in one new S-expression at the address given by R_KEY.  In case of
      an error, R_KEY is set to `NULL'.  The return code is 0 for
      success or an error code otherwise.
      Here is an example for PARMS for creating a 1024 bit RSA key:
               (nbits 4:1024)))
      To create an ElGamal key, substitute "elg" for "rsa" and to create
      a DSA key use "dsa".  Valid ranges for the key length depend on the
      algorithms; all commonly used key lengths are supported.  Currently
      supported parameters are:
           This is always required to specify the length of the key.
           The argument is a string with a number in C-notation.
           This is only used with RSA to give a hint for the public
           exponent. The value will be used as a base to test for a
           usable exponent. Some values are special:
                Use a secure and fast value.  This is currently the
                number 41.
                Use a secure value as required by some specification.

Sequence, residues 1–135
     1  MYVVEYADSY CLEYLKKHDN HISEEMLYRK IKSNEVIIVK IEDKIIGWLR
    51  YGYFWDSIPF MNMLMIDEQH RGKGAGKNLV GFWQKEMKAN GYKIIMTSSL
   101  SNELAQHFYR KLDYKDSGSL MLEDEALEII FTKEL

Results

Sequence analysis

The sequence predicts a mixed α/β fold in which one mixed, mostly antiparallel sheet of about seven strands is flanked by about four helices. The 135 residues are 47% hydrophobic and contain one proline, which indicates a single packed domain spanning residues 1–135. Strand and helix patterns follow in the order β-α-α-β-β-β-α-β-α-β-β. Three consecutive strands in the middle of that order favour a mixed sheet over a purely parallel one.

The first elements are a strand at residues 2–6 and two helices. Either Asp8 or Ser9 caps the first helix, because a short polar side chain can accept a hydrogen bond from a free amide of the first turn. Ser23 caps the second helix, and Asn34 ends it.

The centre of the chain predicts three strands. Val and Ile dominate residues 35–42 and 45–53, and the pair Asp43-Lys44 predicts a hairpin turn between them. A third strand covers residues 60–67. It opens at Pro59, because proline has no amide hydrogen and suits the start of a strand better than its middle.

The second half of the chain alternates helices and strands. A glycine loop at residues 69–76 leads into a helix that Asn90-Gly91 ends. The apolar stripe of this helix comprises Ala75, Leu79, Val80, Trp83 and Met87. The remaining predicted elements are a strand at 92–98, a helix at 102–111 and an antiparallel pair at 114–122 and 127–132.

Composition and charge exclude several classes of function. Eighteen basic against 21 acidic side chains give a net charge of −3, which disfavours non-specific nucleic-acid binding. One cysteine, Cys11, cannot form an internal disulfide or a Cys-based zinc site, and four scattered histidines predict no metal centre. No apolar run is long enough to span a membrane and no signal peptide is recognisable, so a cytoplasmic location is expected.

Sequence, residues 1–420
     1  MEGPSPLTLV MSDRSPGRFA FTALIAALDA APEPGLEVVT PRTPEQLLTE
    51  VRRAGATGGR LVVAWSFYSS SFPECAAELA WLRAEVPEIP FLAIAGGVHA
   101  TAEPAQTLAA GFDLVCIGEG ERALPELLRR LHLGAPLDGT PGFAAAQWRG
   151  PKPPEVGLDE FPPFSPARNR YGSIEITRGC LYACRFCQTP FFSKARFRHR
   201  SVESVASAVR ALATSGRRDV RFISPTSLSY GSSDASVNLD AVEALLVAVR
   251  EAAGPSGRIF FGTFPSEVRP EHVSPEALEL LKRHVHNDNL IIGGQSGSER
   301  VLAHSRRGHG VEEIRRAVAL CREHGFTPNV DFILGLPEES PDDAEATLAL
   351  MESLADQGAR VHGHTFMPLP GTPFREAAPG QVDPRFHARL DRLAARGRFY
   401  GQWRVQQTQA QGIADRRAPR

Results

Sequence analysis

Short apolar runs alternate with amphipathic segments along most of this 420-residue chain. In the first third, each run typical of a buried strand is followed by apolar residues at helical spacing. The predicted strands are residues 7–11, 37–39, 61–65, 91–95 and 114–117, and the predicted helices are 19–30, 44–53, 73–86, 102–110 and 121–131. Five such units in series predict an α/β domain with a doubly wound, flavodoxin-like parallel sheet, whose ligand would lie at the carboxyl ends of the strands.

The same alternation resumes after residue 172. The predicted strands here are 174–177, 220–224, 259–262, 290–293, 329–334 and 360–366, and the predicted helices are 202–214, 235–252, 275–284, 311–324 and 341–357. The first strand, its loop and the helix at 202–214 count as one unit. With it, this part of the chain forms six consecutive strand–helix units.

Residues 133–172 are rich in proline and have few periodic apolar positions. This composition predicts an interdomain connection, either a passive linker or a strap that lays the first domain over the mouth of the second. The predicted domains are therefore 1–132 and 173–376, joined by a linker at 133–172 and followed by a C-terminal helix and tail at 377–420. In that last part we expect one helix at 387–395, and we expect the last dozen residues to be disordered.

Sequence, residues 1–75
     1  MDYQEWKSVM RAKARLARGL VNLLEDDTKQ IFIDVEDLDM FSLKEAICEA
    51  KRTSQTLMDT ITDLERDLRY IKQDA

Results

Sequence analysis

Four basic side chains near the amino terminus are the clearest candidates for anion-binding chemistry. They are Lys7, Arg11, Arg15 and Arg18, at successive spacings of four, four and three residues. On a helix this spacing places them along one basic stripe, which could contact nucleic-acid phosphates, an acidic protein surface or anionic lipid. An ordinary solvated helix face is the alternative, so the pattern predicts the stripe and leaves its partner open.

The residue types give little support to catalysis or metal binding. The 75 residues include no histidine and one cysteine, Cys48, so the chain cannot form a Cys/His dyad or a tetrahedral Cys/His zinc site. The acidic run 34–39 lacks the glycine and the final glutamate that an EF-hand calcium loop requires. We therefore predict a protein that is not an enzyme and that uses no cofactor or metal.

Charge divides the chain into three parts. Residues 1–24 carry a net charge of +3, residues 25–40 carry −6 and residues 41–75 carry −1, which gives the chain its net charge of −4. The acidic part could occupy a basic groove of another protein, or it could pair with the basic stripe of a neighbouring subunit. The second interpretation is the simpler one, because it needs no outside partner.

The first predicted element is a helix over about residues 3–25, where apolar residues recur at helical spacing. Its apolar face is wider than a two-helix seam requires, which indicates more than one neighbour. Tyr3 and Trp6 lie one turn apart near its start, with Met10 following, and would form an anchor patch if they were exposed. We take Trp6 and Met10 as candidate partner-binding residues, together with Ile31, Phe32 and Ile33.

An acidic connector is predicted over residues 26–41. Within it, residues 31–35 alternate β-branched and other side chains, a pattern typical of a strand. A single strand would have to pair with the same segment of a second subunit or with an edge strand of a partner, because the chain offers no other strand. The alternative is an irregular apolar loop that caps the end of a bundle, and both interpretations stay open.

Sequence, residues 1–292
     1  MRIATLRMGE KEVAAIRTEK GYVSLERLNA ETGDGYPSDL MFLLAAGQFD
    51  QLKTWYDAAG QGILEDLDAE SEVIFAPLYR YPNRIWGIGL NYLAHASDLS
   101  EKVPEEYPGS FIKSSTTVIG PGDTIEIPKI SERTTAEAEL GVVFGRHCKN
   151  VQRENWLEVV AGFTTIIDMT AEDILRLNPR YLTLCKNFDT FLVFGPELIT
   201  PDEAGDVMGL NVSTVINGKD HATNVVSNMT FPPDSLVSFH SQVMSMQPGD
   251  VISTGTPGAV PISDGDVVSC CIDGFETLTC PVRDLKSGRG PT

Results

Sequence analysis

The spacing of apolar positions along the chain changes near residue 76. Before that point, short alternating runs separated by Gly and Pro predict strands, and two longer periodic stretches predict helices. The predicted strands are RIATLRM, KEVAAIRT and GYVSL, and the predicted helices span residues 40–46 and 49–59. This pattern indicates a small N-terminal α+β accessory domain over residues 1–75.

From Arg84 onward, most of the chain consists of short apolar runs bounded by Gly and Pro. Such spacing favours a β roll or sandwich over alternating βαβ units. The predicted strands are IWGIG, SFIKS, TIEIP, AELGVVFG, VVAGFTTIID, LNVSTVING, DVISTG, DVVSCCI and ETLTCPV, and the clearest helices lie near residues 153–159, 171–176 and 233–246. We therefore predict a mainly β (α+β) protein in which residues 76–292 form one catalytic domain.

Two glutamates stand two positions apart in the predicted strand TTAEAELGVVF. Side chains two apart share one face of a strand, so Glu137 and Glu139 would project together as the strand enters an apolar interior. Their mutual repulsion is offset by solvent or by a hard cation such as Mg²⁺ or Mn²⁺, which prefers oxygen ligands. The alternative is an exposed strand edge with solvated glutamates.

This is currently the number 65537.
           If this parameter is not used, Libgcrypt uses for historic
           reasons 65537.
      The key pair is returned in a format depending on the algorithm.
      Both private and public keys are returned in one container and may
      be accompanied by some miscellaneous information.
      As an example, here is what the ElGamal key generation returns:
                 (p P-MPI)
                 (g G-MPI)
                 (y Y-MPI)))
                 (p P-MPI)
                 (g G-MPI)
                 (y Y-MPI)
                 (x X-MPI)))
               (pm1-factors N1 N2 ... NN)))
      As you can see, some of the information is duplicated, but this
      provides an easy way to extract either the public or the private
      key.  Note that the order of the elements is not defined, e.g. the
      private key may be stored before the public key. N1 N2 ... NN is a
      list of prime numbers used to composite P-MPI; this is in general
      not a very useful information.
Info Catalog (gcrypt.info) Cryptographic Functions (gcrypt.info) Public Key cryptography (I)